5. Parties shape public opinion. They raise and highlight issues and resolve people’s problems.
Many pressure groups are the extensions of political parties.
6. Parties provide people access to government machinery and welfare schemes. For an ordinary citizen it is easy to approach a local party leader than a government officer.
Question. Explain any five suggestions to reform political parties in India.
Suggest and explain any five effective measures to reform political parties.
Answer : Five suggestions made to reform the political parties:
1. Law to regulate the internal affairs of political parties like maintaining a register of its members, to follow its own constitution, to have independent authority, to act as judge in case of party dispute, to hold open elections to the highest post.
2. It should be mandatory for political parties to give one-third tickets to women candidates. In addition, there should be quota for women on the decision-making bodies of the party.
3. There should be state funding of elections. The government should give money to parties to support their election expenses in kind (petrol, paper, telephone, etc.) or in cash based on votes secured by the party in the previous election.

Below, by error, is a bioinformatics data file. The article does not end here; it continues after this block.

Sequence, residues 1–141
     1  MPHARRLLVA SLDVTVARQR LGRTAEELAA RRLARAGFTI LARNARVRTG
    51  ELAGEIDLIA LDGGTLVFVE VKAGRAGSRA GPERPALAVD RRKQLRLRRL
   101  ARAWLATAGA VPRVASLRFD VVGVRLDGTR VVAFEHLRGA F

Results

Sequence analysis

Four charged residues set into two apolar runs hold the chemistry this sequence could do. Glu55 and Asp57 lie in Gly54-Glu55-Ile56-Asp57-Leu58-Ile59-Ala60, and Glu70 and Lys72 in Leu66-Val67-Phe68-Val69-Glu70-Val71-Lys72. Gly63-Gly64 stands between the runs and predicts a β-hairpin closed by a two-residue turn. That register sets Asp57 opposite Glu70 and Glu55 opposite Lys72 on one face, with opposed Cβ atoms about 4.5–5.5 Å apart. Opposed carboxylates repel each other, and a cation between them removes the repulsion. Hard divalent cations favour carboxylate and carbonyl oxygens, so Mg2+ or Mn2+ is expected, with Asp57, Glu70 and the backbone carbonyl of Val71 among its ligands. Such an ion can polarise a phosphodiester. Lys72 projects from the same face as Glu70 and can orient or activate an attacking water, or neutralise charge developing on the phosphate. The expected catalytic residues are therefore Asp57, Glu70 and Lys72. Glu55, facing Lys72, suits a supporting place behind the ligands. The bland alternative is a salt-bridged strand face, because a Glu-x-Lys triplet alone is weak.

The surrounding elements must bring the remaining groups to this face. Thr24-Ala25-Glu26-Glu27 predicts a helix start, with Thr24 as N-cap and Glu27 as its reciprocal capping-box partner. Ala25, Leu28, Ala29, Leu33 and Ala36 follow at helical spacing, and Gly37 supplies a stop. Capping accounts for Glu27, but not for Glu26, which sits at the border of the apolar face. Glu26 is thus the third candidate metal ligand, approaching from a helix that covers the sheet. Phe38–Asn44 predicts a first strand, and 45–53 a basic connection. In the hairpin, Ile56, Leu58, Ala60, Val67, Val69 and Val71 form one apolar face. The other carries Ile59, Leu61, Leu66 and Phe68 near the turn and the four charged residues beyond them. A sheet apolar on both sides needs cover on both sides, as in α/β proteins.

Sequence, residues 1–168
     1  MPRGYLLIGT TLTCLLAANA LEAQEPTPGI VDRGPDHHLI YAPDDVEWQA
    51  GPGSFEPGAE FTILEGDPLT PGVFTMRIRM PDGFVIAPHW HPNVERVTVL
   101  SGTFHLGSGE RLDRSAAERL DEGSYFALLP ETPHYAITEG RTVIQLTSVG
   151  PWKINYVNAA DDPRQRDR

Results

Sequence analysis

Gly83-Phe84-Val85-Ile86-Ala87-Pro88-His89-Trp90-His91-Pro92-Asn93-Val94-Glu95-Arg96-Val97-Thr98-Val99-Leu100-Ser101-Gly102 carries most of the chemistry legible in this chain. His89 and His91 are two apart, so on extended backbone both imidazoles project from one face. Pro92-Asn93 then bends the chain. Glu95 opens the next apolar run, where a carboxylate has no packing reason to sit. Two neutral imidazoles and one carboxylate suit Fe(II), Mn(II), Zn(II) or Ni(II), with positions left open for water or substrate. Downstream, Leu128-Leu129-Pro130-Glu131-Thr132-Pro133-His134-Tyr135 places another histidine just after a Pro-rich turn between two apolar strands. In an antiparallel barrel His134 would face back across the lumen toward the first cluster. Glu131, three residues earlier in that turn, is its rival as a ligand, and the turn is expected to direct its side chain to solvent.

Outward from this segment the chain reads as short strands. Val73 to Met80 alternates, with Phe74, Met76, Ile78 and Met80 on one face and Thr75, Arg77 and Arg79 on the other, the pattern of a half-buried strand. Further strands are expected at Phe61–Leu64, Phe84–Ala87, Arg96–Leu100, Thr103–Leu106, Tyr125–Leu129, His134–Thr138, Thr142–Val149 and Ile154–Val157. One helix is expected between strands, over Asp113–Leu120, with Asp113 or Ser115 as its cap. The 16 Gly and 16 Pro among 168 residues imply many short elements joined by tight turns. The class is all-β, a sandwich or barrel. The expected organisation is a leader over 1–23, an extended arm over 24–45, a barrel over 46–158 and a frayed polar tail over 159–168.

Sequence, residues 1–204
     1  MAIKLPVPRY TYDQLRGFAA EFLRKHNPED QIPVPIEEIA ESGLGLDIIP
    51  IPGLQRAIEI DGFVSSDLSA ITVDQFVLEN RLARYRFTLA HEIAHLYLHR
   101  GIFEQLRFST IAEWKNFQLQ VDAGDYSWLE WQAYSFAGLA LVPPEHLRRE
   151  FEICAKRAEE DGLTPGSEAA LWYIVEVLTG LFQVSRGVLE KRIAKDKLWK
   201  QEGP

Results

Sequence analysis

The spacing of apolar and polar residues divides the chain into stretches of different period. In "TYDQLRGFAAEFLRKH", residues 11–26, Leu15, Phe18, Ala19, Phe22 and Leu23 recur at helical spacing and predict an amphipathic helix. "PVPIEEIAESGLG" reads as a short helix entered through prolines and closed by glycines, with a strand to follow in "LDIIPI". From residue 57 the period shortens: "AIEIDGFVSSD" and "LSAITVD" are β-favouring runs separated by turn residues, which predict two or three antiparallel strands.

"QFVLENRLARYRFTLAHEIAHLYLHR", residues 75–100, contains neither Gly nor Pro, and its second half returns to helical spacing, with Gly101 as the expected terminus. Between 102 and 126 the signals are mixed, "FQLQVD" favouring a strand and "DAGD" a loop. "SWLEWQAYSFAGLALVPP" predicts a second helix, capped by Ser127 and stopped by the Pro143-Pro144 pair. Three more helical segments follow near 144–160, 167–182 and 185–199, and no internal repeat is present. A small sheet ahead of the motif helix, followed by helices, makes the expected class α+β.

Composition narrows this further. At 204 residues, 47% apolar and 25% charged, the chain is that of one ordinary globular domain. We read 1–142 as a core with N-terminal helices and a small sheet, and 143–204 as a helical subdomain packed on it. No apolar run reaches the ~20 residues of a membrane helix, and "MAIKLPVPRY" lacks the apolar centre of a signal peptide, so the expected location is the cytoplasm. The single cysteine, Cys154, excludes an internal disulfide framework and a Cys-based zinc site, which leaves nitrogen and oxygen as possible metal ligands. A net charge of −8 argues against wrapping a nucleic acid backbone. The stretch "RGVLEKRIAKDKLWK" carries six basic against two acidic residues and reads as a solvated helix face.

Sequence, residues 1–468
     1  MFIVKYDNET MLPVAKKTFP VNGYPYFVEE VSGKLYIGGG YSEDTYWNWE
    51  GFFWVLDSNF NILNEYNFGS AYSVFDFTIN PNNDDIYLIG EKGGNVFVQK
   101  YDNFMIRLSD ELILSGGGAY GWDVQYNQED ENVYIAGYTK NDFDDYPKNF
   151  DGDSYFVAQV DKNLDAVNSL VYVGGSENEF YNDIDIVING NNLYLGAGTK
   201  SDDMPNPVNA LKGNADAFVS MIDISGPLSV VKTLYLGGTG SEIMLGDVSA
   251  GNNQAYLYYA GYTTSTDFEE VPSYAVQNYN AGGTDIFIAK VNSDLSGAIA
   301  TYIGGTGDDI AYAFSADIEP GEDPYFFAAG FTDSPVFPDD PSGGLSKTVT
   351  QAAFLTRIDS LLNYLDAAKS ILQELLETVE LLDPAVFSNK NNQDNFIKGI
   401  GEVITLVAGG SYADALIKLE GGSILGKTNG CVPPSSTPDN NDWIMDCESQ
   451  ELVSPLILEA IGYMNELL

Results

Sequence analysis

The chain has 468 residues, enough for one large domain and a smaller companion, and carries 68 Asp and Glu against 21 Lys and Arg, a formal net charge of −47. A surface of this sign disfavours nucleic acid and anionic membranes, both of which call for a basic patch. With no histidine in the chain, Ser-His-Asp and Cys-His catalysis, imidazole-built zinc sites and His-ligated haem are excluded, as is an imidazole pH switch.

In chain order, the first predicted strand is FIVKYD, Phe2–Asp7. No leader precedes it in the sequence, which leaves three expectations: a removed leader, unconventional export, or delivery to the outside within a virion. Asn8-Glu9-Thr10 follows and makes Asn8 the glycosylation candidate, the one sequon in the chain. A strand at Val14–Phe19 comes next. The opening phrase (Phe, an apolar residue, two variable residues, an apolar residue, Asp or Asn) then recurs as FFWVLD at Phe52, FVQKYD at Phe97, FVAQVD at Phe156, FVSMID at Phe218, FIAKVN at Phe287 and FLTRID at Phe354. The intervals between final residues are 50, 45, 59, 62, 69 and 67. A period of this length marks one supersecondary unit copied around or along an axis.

4. The candidate should be educated, so that he can solve and understand people’s problems. His previous record should be cleared. He should be honest and there should be no criminal case against him.
5. Citizens can reform politics if they take part directly and join political parties. People can put pressure on political parties through petitions, publicity in media, agitations etc.
Question. “About hundred years ago there were few countries that had hardly any political party. Now there are few countries that do not have political parties.” Examine this statement.
Answer : We can understand the necessity of political parties by imagining a situation without parties.
Every candidate in the election will be independent. Therefore, no major policy changes will be made.
Elected representatives will be accountable to their constituency but no one will be responsible for the smooth running of the country. As societies become large and complex, they need an agency to gather views on various issues and to present them to the government. There is a need to bring various representatives together so that a responsible government can be formed.
A mechanism is needed to support or restrain the government to make policies, justify or oppose them.
Political parties fulfil the needs of a representative government and are thus a necessary condition for a democracy.